If you are talking of 68 degree eyepieces then they will be fine but 68 usually means ES and the ES82's are about the same cost. And I doubt that whatever you point the scope at will be against one edge of the eyepiece but in the centre so maybe the 82's - you are going to lose nothing. Well there is one loss.

What I see is that you may get a 24mm ES68 but only a 14mm ES82. By the time you take magnification into account the field you see is reduced. So you may not gain any field by getting the "wider" eyepieces. Working each option out is a pain so make yourself a small sprreadsheet and feed the number in for the scope and the eyepieces.

I think the "widest" field I could realistically get was with an Antares W70 25mm eyepiece. That just managed to deliver a bit more then anything. At least in 1.25mm eyepieces and sensible costs+availability.

Ryan Chaudhari

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Re: $ eye pieces
« Reply #10 on: January 12, 2018, 08:28:09 AM »
Quote
But rule of thumb says not over 70 degrees.


Not sure where that rule of thumb comes from, never heard of it before. I prefer Naglers over the narrower fields of view, but tastes vary.

Tom Doyle

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Re: $ eye pieces
« Reply #11 on: January 12, 2018, 06:12:41 PM »
I don't know where you heard nothing more than 70 degrees. People enjoy views from eyepieces in the range of 40 to 110 degrees. I like 70 AVOV Delos for planetary, and Ethos for super wide views. I agree that ES eyepieces give excellent value for the money. I like TeleVue Plossls for under $100 dollar, excellent quality eyepieces. I recommend going to a star party and look through a variety of eyepieces in a variety of telescopes. Look at a variety of sky objects, and you will get a much better feel for the eyepieces you will want to purchase.

Adam Rice

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Re: $ eye pieces
« Reply #12 on: January 12, 2018, 06:18:14 PM »
Quote
Some resources you might find helpful.zoom eyepiece reviewhttp://www.chuckhawk...m_eyepieces.htm

Baader Zoom Vs Fixed Eyepieces - This will open your eyes
If you want to go less expensive the Celestron is great at $60
http://www.cloudynig...m-vs-fixed-eps/Eyepiece Designs - This is the one I turn to when I am trying to understand or explain the
differences between the various designs. There are many different designs, Many are named
for their original designer, such as Huyghens, Ramsden, Kellner, Plossl, Konig, Erfle, Branden and Nagler.http://www.chuckhawk...ece_designs.htm

H.T.Giving! Just wanted to say thanks Aea jrfor the above Info.I was thinking of gettingusedsingle eye's piece sets until I read the above. I'mpumped andgoing to order the Baader zoom zoomtomorrow. From what I read. Why not get one! It will be here about the time my scopesbattery ischarged. Ha Ha. Great Info.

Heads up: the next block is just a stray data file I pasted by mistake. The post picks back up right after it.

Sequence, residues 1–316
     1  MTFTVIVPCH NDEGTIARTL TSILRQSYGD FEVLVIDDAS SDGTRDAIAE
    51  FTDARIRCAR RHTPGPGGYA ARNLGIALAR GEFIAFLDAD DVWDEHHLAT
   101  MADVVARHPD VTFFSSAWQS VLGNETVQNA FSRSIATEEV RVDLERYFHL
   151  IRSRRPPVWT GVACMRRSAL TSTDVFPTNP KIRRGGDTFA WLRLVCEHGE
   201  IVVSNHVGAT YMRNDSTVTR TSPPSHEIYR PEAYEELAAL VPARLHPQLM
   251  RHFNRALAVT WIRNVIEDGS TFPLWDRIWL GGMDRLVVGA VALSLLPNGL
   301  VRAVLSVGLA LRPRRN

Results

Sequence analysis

Ricky Mondal

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Re: $ eye pieces
« Reply #13 on: January 15, 2018, 07:59:28 PM »
Please be sure to post a report of your experiecne with the Baader zoom.

Eric Ayyagari

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Re: $ eye pieces
« Reply #14 on: January 17, 2018, 12:33:50 AM »
Quote
I want to do it right the first time on eye pieces.

The different positives and negatives with the variety of eyepieces availably makes it pretty close to impossible for anyone to guarantee this for you. We can only give what we believe to be the most likely best choices. There is really nothing inherently wrong with very wide or very narrow field of view eyepieces. A middle ground is not a bad choice either.
The only truly bad mistake you can make is too high of magnification. Even then, if you accept the fact that it will only be useable for a couple days a year, it's not really a mistake either.
I can't enter into specific eyepieces because I've never even looked through an 8" cat. It is also dependent on which objects you wish to view (I recommend enjoying everything!). I would agree that an eyepiece providing the widest true field of view (Not the same as apparent field of view) is a good place to start.
If I'm right, the 25mm gives about 80x. Not bad. Could certainly use more power too. Somewhere around 140x, 200x, and 300x are my suggestions.
But, back to the part of your post I quoted. I think there are only three ways to achieve the stated goal. One is to conduct exhaustive research  until you know which eyepieces will satisfy you for all time. The second is to get lucky and happen make a good decision right off. The third works for me; choose to be happy with the eyepieces you end up with.